While the presentation and the comedy are top notch, the romance aspect of the series is notably lacking for the majority of these first two volumes. To revisit a point made paragraphs ago, two of the characters do not really survive with their charm intact in the transfer to this new series, and sadly they are the main characters themselves, Yuki and Kyon. You know, the main couple-to-possibly-be that the series is about!
Yuki is not the same character you may remember or expect from the novel/movie which set the standard for this series - she is chronically helpless in her actions and thoughts while also simultaneously being an airhead and at times rambling in speech. The cynic in me wants to say that these character adjustments were done to make her more “adorable”, but even if not it can make her an exasperating heroine to follow. Kyon is another major departure that is slightly harder to pin down - until now he has been the audience’s main contact with the world, a sarcastic jerk with a heart of gold tour guide. Now, he is both firstly more content for the most part so has less to grumble about, and secondly is no longer the point of view character any more so we have been stripped of his inner monologue and sarcastic quips. These combine to make him a much more bland and at times invisible character, removed of the facets that make him and his interactions with others interesting. This starts to be corrected for the better towards the end of the second volume of Yuki-chan as his personality starts to get filled in, and hopefully will continue.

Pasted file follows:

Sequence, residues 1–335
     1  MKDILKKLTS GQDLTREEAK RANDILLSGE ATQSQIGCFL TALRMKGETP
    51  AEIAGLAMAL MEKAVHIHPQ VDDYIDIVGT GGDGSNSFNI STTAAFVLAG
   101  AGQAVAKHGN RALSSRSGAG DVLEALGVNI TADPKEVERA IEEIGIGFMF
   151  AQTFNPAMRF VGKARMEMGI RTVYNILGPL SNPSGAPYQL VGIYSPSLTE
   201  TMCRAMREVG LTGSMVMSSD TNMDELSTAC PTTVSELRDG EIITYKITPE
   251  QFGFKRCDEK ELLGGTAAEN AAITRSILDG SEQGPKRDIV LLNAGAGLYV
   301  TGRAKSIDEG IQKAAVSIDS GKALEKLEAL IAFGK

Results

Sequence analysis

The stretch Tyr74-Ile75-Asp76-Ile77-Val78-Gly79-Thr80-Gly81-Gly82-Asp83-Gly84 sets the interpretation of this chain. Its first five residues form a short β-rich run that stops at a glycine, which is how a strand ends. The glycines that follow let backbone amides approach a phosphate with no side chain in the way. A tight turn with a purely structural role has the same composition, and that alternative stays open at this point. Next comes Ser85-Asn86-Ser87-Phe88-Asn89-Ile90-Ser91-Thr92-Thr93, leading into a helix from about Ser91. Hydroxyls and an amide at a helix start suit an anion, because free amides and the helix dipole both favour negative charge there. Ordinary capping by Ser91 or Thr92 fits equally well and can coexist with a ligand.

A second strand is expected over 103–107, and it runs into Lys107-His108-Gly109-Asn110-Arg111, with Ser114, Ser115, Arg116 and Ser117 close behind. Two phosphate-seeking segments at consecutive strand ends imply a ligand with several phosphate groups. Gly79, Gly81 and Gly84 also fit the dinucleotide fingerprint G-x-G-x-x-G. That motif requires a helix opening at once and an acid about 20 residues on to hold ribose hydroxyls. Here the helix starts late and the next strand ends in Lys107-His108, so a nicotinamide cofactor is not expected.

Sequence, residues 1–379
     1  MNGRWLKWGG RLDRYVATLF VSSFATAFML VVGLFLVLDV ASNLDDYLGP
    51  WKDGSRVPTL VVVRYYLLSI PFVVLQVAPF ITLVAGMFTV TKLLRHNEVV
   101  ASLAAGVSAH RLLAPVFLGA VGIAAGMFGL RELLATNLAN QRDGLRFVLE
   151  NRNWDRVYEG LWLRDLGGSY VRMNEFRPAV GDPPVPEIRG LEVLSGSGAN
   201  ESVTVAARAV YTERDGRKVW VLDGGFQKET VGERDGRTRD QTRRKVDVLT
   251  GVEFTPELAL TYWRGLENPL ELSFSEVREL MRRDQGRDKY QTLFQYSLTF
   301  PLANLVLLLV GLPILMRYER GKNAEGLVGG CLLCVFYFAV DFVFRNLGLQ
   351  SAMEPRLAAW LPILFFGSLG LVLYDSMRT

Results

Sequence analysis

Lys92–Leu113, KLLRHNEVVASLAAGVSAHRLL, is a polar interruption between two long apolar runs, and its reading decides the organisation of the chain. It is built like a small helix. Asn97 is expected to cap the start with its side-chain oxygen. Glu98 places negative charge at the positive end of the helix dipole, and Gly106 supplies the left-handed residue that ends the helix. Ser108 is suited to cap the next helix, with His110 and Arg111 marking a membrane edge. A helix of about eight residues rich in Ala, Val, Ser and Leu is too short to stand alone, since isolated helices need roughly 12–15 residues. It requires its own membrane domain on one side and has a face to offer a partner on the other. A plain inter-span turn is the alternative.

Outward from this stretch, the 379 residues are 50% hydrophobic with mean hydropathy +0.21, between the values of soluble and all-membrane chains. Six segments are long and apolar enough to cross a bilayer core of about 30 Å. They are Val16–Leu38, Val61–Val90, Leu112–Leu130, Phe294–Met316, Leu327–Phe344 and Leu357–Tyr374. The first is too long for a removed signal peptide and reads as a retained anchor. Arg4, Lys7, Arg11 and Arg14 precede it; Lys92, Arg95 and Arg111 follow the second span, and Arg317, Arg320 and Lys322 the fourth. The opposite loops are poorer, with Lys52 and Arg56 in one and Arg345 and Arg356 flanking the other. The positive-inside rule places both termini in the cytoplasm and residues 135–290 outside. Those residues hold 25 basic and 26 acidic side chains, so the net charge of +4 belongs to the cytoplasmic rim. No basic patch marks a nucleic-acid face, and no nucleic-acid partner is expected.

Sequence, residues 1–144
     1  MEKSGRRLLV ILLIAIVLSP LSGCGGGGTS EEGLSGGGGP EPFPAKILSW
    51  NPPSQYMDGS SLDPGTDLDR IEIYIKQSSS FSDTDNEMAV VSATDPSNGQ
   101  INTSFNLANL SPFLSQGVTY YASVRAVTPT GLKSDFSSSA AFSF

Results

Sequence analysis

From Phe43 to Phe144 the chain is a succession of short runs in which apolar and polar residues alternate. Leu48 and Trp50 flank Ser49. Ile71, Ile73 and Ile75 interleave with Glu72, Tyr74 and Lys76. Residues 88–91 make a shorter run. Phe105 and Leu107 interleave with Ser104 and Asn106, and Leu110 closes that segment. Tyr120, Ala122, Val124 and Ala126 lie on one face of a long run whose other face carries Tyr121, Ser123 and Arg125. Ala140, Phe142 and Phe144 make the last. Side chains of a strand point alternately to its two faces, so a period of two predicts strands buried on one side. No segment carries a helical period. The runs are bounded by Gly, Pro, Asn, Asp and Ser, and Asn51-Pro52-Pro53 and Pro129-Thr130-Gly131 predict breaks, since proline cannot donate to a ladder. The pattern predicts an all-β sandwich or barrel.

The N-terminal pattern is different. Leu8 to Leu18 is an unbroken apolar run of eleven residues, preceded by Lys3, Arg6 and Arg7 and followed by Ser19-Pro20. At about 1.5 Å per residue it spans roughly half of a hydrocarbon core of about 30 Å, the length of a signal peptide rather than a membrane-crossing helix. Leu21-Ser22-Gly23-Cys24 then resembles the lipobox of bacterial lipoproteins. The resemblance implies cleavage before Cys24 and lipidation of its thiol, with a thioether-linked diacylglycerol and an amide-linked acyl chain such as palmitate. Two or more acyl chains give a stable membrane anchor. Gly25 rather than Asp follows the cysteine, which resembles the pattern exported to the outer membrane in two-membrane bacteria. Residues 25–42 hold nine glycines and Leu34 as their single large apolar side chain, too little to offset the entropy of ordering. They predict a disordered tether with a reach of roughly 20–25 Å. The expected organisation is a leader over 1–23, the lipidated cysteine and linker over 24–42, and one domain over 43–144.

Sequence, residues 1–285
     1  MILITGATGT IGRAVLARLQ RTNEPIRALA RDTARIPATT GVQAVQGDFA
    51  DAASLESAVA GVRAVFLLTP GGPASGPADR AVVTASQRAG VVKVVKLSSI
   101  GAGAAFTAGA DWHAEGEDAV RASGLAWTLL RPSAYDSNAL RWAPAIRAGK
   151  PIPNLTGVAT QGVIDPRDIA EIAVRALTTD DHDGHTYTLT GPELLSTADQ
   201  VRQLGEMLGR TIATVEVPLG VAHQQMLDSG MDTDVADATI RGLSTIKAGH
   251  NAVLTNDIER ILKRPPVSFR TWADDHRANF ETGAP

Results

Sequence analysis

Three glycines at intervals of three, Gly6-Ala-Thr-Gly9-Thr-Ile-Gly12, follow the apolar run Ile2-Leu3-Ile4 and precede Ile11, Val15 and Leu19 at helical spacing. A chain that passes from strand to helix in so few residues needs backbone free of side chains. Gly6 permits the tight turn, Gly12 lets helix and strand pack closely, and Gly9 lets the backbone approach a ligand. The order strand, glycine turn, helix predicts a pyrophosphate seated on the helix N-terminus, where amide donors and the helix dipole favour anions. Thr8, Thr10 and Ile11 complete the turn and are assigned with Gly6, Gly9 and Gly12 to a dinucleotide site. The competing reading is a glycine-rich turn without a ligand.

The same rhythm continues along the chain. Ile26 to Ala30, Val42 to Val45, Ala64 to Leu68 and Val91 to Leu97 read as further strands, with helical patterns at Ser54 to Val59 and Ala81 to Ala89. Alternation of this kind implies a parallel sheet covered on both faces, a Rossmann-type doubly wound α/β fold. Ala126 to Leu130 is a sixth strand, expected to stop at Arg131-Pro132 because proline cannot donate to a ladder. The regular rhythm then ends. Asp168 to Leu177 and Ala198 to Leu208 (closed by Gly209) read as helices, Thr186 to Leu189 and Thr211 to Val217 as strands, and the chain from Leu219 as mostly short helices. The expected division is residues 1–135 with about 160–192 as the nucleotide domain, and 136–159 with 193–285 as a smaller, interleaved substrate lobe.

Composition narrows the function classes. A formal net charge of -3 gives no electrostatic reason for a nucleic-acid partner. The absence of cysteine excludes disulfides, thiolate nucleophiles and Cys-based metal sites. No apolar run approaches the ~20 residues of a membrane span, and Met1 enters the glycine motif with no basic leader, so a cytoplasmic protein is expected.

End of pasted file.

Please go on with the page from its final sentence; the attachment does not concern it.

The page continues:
Another issue for the bulk of these first volumes, exacerbated by the personalities of the main maybe-couple, is an utter lack of tension. There is no adversity or danger present at all, even when Yuki flails and causes a typical sort of romance manga misunderstanding. No threat to the existing relationship even seems possible for the bulk of the first volume, and while it is nice to have a romance story without the world ending every twenty pages it feels very flat and unsatisfying to read. As I have been mentioning, a lot of these issues start to get cleared up in the second volume with the introduction of an adversary (who I won’t spoil) that is already shaking up the far too cozy status quo to great effect.
Yuki-chan is something which, on paper, I should absolutely love. It has great comedy, nice presentation and a core idea that I am invested in, even though it smells slightly of fan wish fulfillment. Unfortunately, the result doesn’t quite pull it off. While the first volume is pleasant enough to read, its somewhat facile primary cast made it feel weak. The second volume has already taken great strides to correct this, and hopefully this momentum will carry on into the third instalment whenever it is released. As a stand-alone romance story it is pleasant to read, and as a fan of the franchise it is a great addition to the existing material with its own unique charms and ideas.